Goldman Eyes $14 Billion for Its Largest Fund Since 2008 Crisis


Goldman Sachs Group Inc. boosted the size of a new credit fund to $14 billion in what is shaping up to be one of the largest debut investment vehicles ever raised.

The bank, which set out with a target of $5 billion to $10 billion, is now expecting to finish fundraising with a $14 billion war chest to pour into companies in need of fresh liquidity. A Goldman representative confirmed the goal for the first in a new family of funds, called West Street Strategic Solutions Fund I.

The $14 billion mark is notable for the first iteration of a fund series new to investors. Such funds seldom crack $10 billion on their first go-round barring one exception: the $100 billion SoftBank Vision Fund, which is in a league of its own.

The Goldman credit fund will provide a boost to the bank’s goal of raising $100 billion for investing in what’s known in the industry as alternatives. Instead of guiding client cash into plain-vanilla asset classes such as stocks and bonds, the funds are focused on seeking outsize returns in less-trafficked corners of the market including distressed credit, real estate and private equity.

Fundraising success will also help cement Julian Salisbury’s profile as one of Goldman’s most powerful executives. The 48-year-old Brit has climbed rapidly, from running a secretive and successful group betting Goldman’s money inside its trading group, to now helping run a newly created division that rivals the firm’s dealmaking group in size and profitability, second only to the markets division.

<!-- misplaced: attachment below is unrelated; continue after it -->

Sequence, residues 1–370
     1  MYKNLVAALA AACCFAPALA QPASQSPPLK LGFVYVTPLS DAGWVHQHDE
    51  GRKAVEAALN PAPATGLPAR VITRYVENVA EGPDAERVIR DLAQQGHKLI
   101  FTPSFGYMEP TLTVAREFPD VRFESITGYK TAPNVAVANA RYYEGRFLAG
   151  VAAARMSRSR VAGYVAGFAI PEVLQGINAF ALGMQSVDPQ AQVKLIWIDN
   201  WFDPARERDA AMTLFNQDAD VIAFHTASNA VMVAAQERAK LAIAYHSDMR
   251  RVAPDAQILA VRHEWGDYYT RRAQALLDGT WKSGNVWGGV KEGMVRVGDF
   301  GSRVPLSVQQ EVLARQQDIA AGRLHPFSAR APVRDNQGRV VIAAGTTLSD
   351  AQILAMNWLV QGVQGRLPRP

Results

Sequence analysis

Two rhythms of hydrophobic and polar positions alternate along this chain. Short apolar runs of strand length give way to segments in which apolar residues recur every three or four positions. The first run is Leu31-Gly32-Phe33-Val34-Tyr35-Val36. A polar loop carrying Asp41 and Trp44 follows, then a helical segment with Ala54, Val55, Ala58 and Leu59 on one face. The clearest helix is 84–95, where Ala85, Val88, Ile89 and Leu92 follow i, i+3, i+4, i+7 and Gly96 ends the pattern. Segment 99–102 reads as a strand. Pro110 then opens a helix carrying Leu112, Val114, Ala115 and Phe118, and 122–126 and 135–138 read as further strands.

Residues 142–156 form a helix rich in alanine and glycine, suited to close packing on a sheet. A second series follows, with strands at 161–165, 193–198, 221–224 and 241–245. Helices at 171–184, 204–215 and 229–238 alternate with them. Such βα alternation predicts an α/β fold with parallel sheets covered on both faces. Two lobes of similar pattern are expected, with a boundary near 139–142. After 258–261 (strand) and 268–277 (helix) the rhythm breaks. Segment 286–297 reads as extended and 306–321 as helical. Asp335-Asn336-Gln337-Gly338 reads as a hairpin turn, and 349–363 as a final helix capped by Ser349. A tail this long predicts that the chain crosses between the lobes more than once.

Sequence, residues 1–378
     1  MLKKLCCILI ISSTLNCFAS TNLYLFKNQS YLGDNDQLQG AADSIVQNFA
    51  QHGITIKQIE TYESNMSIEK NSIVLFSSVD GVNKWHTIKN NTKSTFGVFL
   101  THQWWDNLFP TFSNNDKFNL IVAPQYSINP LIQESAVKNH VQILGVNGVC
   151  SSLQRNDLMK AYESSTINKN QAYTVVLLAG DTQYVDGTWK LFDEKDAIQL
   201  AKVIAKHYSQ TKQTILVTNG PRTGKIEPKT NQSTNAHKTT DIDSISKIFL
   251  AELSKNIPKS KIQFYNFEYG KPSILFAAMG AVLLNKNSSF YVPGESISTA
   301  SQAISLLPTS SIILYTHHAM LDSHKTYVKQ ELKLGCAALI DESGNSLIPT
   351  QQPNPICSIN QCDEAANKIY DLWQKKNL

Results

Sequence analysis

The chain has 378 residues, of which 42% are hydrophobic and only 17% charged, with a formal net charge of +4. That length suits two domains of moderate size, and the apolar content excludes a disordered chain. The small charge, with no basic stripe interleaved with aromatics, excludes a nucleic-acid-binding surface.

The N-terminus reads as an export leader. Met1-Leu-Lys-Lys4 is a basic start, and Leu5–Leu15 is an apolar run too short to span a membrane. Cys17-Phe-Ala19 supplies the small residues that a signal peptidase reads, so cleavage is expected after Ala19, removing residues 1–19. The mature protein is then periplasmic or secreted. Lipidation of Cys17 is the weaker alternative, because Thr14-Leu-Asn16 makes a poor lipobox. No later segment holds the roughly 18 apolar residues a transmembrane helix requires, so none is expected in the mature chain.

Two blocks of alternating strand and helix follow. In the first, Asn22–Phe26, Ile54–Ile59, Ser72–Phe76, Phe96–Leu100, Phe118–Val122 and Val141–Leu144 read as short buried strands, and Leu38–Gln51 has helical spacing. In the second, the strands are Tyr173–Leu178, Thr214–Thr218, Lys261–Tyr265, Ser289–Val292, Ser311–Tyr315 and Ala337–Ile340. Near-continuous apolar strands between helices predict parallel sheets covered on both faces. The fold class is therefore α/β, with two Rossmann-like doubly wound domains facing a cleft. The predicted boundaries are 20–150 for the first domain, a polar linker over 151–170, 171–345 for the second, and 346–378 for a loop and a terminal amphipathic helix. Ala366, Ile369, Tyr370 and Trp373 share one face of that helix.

The biggest fund Goldman Sachs has ever raised, in what was previously its merchant bank, was a $20 billion private equity fund, in 2007.

Goldman set off to raise the new opportunistic credit fund as the rapidly spreading Covid-19 pandemic jolted markets earlier this year. Even as broader market measures have stabilized and rebounded since then, the disparate impact across industries has left many companies still in need of fresh cash to keep their finances stable.

The fund is a tie-up between the team that runs Goldman’s private-credit business and the special-situations group. Even though it’s a debut fund in a new series, investors did have the benefit of peering into the track record of SSG, which has helped lift Goldman’s profits over the years.

The fund has already started investing, most notably pouring $1.2 billion into American Airlines Group Inc. The investment was structured as a debt deal backed by the airline’s brand and collateral including airport landing slots at New York’s LaGuardia and Washington’s Reagan National.